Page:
My background as an artist and graphic designer led me to my entire approach to brand strategy. I work with my branding clients the way I do because my background and experience brought me to my unique methodology. I see brands as the shared relationship between marketable assets and their markets. Brand strategy is the art and science of defining and managing that shared relationship for growth and profit. But then I wondered, what is the difference between that and an overall business strategy? So I set out to learn all about business strategy. I fired up the ol’ Google machine and started clicking and reading. It turns out a lot has been written on the subject of business strategy – apparently, all by people who have never talked to one another. I can’t exactly say that the articles I read on the subject often contradicted each other. But they all put emphasis on different things and, often, even omitted different things. In the following paragraphs, I’m going to attempt to describe how brand strategy fits into an overall business strategy. But, readers, please be aware. I’m going to use a definition of business strategy that makes sense to me but it may not be the one that makes the most sense to you. But, hopefully, you’ll see how brand strategy fits into your definition as well.
Business strategy, if I’m not completely off target, is an overall plan that management makes for the business. It spans the entire life of the business, from inception to exit strategy. Every aspect of the business is addressed, at least in broad strokes. Market need is usually the first fact identified, followed by a general outline of how the business intends to meet that need. Financing, staffing, sourcing, equipment needed, etc. It all goes in the plan. Key performance indicators are established, as is a general definition of success.
A key element of any business strategy is the issue of differentiation. In other words, it’s fine if you can meet the market’s needs. But unless you can stand out in the way you do it, you’ll be just another also-ran, a me-too brand that gives the market no real reason to pick you over the competition. That means you’ll be competing on price alone. That means you’re a commodity. Nobody wants to be a commodity.
Ask Boardwalk to establish a brand strategy
that will support your business strategy.
Because you’re savvy readers, you’re probably way ahead of me and have guessed that brand strategy is the part of the business strategy that defines how the business will differentiate itself. Therefore, every business strategy should contain a brand strategy. Management should research to ensure the perceived market need actually exists. And that it is precisely the need they’re ready to meet. To be off even a little bit here can be as devastating to a business as a complete misreading of the market. To realize only 50% of projected sales can, for many businesses, be as lethal as no sales at all.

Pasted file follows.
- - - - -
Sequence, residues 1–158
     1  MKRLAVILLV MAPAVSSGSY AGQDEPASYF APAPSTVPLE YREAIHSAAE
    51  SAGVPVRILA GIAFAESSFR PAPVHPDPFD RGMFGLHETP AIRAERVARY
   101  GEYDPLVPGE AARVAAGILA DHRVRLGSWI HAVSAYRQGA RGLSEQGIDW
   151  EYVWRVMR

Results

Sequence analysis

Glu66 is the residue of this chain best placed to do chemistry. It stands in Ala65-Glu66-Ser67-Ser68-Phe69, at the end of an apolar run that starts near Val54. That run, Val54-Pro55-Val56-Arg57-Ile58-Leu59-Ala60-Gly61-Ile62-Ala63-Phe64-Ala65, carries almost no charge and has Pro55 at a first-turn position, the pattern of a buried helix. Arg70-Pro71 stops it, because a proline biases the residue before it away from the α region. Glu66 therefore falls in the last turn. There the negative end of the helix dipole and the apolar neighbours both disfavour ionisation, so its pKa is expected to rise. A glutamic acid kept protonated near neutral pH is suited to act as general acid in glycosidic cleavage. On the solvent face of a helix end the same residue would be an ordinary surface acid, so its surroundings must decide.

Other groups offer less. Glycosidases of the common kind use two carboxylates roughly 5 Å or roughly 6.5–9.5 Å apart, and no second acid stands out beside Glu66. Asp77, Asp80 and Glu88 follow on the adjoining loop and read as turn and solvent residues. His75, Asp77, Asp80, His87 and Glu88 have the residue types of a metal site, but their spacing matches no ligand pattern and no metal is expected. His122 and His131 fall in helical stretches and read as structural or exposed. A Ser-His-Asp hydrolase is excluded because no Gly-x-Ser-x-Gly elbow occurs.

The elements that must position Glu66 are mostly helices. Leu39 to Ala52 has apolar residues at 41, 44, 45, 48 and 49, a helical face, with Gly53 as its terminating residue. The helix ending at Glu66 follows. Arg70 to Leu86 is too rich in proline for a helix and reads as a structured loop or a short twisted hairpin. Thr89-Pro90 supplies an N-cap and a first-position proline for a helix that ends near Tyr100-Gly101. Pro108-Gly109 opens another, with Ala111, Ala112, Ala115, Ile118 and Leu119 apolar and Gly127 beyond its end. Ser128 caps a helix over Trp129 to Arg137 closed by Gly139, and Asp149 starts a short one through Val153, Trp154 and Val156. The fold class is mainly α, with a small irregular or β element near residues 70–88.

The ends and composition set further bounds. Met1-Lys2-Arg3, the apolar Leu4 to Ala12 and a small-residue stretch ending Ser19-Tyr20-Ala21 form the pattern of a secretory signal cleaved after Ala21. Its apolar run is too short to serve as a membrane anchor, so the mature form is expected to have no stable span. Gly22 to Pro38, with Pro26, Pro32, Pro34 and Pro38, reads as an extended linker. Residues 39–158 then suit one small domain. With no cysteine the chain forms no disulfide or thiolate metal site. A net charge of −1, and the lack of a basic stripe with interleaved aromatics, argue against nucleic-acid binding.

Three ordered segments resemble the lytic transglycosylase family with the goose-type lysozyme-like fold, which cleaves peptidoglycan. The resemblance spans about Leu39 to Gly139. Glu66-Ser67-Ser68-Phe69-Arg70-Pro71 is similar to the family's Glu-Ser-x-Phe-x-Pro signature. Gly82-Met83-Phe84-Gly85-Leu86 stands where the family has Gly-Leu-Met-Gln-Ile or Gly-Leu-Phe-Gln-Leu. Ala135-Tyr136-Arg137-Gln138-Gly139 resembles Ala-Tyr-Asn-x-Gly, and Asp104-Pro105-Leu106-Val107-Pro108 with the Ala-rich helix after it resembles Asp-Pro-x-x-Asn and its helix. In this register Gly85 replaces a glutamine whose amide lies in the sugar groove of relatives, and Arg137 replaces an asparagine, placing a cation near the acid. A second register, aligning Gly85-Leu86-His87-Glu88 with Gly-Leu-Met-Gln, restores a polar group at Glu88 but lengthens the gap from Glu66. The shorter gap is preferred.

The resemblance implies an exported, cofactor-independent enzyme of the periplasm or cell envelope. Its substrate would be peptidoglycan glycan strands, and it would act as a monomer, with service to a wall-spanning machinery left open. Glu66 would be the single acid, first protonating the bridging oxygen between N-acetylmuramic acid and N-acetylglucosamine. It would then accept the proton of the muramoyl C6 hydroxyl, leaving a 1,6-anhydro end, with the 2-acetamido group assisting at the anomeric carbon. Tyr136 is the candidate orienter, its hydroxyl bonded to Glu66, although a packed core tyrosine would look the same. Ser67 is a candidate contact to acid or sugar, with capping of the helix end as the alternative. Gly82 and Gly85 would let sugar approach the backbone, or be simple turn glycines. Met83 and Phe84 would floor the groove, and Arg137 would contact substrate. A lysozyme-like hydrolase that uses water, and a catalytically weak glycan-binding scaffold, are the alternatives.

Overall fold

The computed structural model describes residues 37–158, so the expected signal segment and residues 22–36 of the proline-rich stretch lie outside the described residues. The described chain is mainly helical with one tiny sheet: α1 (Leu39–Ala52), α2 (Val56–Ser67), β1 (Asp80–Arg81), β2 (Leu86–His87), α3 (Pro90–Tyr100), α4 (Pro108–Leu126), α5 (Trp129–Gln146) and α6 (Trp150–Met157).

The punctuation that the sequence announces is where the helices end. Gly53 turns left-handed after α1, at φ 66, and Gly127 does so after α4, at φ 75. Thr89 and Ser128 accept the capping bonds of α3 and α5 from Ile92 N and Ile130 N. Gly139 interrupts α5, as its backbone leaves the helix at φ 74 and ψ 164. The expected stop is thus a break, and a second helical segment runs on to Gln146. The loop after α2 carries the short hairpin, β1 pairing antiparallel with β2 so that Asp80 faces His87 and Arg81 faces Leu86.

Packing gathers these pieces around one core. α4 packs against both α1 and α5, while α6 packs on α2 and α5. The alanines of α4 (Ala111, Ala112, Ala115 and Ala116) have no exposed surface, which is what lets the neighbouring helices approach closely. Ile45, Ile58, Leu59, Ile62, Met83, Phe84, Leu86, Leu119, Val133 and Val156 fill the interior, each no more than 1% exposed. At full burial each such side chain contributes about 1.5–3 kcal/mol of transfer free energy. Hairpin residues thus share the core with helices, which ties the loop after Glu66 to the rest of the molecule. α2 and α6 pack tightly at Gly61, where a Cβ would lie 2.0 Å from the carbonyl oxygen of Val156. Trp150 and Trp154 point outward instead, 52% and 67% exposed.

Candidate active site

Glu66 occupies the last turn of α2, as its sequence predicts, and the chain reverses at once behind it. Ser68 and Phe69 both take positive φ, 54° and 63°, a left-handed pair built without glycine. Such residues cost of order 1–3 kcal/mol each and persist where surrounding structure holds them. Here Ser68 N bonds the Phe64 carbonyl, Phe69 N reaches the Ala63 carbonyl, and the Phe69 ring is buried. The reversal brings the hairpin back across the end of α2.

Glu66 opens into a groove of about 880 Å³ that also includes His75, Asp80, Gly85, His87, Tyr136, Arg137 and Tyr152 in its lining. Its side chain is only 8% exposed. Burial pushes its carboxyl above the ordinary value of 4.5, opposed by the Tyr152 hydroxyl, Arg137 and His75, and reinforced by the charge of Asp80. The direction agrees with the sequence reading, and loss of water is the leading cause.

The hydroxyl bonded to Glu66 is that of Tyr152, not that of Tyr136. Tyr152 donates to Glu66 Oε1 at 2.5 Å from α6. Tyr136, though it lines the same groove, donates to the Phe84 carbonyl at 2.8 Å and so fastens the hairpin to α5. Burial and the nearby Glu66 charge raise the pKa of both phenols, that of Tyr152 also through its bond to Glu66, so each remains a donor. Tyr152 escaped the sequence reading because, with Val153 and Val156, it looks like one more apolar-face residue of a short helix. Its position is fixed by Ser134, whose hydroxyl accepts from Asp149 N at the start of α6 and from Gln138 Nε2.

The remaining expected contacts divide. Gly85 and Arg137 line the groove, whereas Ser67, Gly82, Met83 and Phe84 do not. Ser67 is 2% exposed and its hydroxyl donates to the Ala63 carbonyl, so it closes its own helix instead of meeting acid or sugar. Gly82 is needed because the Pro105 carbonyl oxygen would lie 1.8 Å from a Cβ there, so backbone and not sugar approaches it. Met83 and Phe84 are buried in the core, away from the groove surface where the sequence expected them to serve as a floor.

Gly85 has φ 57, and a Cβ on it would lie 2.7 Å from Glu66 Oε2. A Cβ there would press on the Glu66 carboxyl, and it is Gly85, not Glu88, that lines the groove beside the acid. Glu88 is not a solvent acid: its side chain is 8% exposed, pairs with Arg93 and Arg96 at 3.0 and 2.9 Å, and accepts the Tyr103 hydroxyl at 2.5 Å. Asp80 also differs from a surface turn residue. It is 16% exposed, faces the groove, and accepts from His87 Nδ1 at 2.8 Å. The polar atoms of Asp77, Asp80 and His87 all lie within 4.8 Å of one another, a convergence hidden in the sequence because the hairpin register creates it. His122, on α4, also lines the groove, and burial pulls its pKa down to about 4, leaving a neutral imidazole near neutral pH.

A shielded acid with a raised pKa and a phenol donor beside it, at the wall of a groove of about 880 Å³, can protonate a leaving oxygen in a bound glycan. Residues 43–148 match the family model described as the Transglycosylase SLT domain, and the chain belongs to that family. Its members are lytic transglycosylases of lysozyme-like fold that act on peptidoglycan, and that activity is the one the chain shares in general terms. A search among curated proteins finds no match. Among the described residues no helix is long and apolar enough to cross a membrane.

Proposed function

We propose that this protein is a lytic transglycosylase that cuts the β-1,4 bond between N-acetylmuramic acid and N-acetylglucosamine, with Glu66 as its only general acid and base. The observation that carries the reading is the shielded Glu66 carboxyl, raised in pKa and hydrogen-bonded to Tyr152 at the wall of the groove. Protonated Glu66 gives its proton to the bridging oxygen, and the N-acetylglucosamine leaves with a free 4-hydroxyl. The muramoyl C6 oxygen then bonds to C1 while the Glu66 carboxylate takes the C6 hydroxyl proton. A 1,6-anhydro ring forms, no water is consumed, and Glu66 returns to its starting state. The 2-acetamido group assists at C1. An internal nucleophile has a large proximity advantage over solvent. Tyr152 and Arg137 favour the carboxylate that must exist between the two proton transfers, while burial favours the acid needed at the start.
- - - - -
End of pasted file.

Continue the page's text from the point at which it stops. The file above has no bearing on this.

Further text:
Most of the material I read recommended revisiting one’s business strategy every couple of years. That is to ensure it is still relevant in the face of an evolving market, new competitors, new technology and other changes to the competitive landscape. I was surprised that the reviews were so frequently required but I guess we live in a time of rapid change. At Boardwalk, we’ve always maintained that, unless your brand is in a trendy sector, like fashion or entertainment, a good brand strategy should last 15-20 years. How is that possible when the business itself might change every couple of years?
The answer, perhaps, is that even if a company finds it necessary to change its business strategy every two years, it probably is going to do so only incrementally. In most cases, the changes are going to be market adjustments rather than total reevaluations of the original business concept. So the original brand strategy is likely to survive. That said, even a small refinement to the business strategy will probably necessitate a corresponding look at the brand strategy as well. A minor tweak there may be helpful.
So brand strategy has a home within an overall business strategy. Though the two often deal with the same topics – markets, customer experience, perceptions, etc. – brand strategy takes a more narrow focus. Brand strategy concentrates on the five services Boardwalk delivers – innovation, strategy, positioning, identity and communication.
Best Branding Reads – Week of September 16, 2019
Volkswagen unveils new branding as part of company-wide reboot
VW, still reeling from its breach of market trust, has to retool in the face of a disrupting auto industry.
Is the Automotive Industry Ready for Sonic Brand Expression?
Can you hear it coming? More disruption in the auto industry.
Building Brands On Customer Passions
This story of the kid who loved University of Tennessee makes you believe in humanity’s decency. It also is a textbook example of how markets shape brands.
Brand Equity: A Strategic Pillar for Competitive Advantage in Luxury Markets
Article shows how and why markets are attracted to brands perceived as authentic.
A Study of 597 Logos Shows Which Kind Is Most Effective
Spoiler alert! It’s descriptive logos. But only maybe – some of the time.
New Wordmark and Identity for Duolingo
Not a big fan of the owl but I guess he’s popular. Really love the typography he inspired.
Struggling J.Crew is getting left in the dust by Madewell, a brand of its own making
Wow. Beware the spinoff brand.